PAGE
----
I’m a fuddy duddy old lady when it comes to a certain, oh-so-hip fashion look.
That look is the tattoo.
Yup, I get that millions of folks—mostly, it seems, millennials and younger—absolutely love the idea of permanently celebrating a person or event or other favorite thing on their bodies. In fact, one in five Americans boast at least one tattoo, and 90 percent of them have no regrets about it.
Still, why go through the incredibly painful procedure of having an image literally burned on to one’s arms and legs, and ahem, other, more private places? I mean, really, isn’t that what birth announcements, greeting cards and posters are for?
This also begs another question: have those with new tattoos ever seen a decades old tat? Trust me on this one—it’s not a pretty sight.
This doesn’t mean that I don’t appreciate the artistry that goes into the contemporary tattoo.
I’ve been privy to some inspired designs—delicately intertwined flowers; hummingbirds in flight, even a bagel adorned with lox and chives. And, in the case of a husband of a dear friend, I’ve glimpsed a large Native American chief, replete with fancy feathered headdress, rendered on one side of a muscled torso. Perhaps because he still has the beefy body of the fireman he once was, it works. There’s also the fantastical design that a breast cancer survivor had emblazoned on her chest, one that went justifiably viral (a photo is below).
Still, yours truly has zero desire to step into this inky arena.
Maybe that’s because I grew up at a time when the only people who had tattoos were sailors and soldiers; thugs who lived inside prison cells, and all other manner of scary outsiders. Tats back then all seemed about the same, too—often primitively drawn, they were oversized hearts and names of vanished sweethearts. Other objects of desire included snakes, daggers and skulls.
And although most tattoo “parlors” had sterilization machines then, few operators used them. In some parts of the country, especially New York City, that meant getting a tat could also mean risking serious illness. Well into the 1960s, newspapers reported stories of blood poisoning, hepatitis and worse.
But now, my not-exactly-festive thoughts on tattoos have taken A Significant Curve.
That’s because The Teenage Daughter recently got one.
It wasn’t exactly a shock because she’d been talking about it for a while now.
And, I had always told her that once she turned of legal age, and could pay for it herself, I guess that I really didn’t have much say in the matter, except to give my opinion. But it made me sad to think that the itty-bitty girl I had once rocked and changed and bathed, the same little baby with the softest skin in the entire world, would grow up to pay someone to drag a vibrating needle across her.
I was minding my business, reading on the couch, when she worked up the nerve to tell me about her upcoming adventure.
“So, look,” she said, standing above me. “I’m getting a tattoo. I’ve already made the appointment. And, yeah, I just wanted to tell you.”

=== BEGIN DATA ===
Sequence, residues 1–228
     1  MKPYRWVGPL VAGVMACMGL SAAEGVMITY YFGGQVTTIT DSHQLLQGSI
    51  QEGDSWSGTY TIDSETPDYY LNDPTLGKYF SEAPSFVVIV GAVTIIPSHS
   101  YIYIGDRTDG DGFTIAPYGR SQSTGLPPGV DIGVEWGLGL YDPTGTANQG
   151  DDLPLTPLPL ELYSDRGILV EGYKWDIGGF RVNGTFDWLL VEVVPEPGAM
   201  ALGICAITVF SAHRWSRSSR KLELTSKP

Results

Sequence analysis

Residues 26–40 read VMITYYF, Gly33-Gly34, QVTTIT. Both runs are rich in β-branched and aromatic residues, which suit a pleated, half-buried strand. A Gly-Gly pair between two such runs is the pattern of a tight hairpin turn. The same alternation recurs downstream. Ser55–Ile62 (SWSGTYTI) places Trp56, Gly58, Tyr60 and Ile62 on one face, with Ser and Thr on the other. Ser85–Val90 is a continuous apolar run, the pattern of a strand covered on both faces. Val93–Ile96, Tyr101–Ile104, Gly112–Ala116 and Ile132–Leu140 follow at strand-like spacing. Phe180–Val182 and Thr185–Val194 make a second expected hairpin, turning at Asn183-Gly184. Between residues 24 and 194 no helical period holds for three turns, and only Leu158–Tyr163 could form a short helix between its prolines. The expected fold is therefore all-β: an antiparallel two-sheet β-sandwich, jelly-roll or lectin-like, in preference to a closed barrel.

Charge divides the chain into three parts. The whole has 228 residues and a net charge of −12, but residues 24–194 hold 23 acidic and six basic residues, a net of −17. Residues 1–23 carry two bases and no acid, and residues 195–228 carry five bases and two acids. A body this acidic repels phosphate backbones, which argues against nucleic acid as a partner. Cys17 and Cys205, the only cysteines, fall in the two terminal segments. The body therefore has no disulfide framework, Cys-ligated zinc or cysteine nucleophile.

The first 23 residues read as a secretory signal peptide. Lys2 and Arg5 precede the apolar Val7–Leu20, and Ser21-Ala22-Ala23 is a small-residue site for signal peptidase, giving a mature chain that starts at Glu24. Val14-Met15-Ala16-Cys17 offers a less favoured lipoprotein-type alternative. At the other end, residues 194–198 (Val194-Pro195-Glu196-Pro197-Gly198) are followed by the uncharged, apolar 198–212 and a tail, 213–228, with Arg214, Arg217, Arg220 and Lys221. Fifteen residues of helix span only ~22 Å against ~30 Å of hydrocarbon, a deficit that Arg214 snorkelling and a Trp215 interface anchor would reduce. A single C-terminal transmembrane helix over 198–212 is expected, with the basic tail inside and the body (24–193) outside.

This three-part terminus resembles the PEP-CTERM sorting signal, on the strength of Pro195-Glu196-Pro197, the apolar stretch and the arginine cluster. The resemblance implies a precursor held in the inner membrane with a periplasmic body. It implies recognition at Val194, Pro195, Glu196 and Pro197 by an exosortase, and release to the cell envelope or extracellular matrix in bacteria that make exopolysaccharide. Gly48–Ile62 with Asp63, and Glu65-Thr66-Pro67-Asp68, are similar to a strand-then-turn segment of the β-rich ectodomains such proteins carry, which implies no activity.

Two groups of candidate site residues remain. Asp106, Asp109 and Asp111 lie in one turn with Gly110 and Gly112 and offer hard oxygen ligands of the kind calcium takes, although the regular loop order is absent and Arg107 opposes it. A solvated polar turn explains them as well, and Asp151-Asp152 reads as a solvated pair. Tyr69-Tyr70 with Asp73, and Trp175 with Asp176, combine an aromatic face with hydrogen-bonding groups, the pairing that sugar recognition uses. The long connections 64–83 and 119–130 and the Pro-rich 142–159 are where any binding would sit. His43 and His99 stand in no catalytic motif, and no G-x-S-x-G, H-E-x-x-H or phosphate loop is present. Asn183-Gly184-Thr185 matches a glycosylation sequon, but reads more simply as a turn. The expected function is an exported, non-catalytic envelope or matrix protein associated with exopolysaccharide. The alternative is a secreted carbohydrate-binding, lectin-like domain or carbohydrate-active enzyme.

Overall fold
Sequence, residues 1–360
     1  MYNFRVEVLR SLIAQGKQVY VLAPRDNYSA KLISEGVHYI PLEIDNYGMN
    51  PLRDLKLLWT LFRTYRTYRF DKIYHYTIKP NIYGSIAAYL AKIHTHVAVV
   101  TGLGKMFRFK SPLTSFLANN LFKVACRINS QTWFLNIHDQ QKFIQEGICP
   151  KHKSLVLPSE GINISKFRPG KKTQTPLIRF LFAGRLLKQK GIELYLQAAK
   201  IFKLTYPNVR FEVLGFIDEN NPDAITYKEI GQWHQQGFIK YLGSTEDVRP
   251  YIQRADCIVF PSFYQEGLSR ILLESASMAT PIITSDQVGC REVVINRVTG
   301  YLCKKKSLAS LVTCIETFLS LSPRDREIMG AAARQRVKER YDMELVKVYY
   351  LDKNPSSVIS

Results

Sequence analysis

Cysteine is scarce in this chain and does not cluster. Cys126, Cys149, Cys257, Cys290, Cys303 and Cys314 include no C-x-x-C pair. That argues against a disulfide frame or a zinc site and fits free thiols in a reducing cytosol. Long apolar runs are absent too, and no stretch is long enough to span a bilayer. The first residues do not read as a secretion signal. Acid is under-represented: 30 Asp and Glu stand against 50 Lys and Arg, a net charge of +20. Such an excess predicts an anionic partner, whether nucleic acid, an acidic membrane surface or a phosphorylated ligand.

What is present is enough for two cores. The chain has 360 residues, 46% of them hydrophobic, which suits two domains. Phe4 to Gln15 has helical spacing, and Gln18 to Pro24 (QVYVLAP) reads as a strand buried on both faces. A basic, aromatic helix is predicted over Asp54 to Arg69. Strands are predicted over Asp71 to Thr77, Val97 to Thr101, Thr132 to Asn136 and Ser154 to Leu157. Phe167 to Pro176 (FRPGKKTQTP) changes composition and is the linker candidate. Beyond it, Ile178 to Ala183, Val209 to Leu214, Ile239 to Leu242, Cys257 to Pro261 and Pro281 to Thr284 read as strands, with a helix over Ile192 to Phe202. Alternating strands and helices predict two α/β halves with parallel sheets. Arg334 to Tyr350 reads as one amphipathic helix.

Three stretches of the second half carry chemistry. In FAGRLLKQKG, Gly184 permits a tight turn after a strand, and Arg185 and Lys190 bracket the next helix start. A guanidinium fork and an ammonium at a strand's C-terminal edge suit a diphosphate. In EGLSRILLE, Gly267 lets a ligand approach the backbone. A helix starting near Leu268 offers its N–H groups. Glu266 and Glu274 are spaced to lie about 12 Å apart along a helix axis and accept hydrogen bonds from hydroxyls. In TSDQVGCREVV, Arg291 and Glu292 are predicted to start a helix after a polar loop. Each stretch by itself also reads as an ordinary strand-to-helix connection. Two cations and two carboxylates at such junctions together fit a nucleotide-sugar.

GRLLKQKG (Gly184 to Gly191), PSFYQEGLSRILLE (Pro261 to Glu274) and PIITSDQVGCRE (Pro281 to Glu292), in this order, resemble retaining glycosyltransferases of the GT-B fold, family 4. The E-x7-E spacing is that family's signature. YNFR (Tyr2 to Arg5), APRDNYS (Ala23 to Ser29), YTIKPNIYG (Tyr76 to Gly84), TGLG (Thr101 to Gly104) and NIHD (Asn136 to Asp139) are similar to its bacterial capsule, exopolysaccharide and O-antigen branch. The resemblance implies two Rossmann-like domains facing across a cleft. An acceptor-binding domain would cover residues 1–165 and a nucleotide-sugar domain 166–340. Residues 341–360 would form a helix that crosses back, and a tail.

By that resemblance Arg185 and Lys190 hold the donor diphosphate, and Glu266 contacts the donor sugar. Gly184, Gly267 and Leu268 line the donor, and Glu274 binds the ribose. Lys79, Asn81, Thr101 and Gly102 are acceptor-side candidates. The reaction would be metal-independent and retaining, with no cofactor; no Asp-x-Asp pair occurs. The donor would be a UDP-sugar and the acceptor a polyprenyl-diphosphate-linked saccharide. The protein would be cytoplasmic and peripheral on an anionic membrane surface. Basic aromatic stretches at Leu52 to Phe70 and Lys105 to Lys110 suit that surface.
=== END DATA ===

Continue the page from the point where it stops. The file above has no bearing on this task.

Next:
Once again, I told her that I wasn’t exactly thrilled, but that I also couldn’t stop her.
I added one more thing.
“Just make sure, really sure, that you really, really, really like what you’re getting,” I said. “Because you’re going to be living with it for the rest of your life.”
She replied that she understood.
In fact, she said, she had thought long and hard about the design she was getting. It was going to be a complete original, something no one else in the world would have.
“It’s going to be a tribute to my Da-Da Casey,” she said. “Didn’t you know that?”
That’s when my heart began to melt.
Casey was my late partner. We were together for a decade, and he was also my daughter’s first father. Indeed, we had traveled to China to bring my girl home, and he helped me through the many rough spots that come with instant motherhood. And, unexpectedly on his part, he fell madly and deeply in love with her.
But because of a lot of personal demons, he also took his life when she was just shy of two years old.
There are dozens of photos of them together, but she has only one memory of him—laughing with her while blowing bubbles in her face. Yet, somehow, his complete adoration for her has been imprinted in her every pore. And because he wasn’t around long enough to give her time outs; lecture her on right and wrong, and bug her about homework, she has romanticized him to the extreme.
Hence, it makes sense that her first tattoo is a tribute to him.
Because he loved the desert, she designed a simple landscape of that terrain, with his birthdate on one side, and on the other, his first name trailing from a mountain in flowing cursive. She also made sure to have this tranquil image drawn on a part of her arm where no one can see it unless she wants to show it. All in all, it’s exquisite.
So, I’m ready to admit one more thing.
For a tattoo, it’s pretty darn cool.
What do you think about tattoos? I look forward to your comments and stories!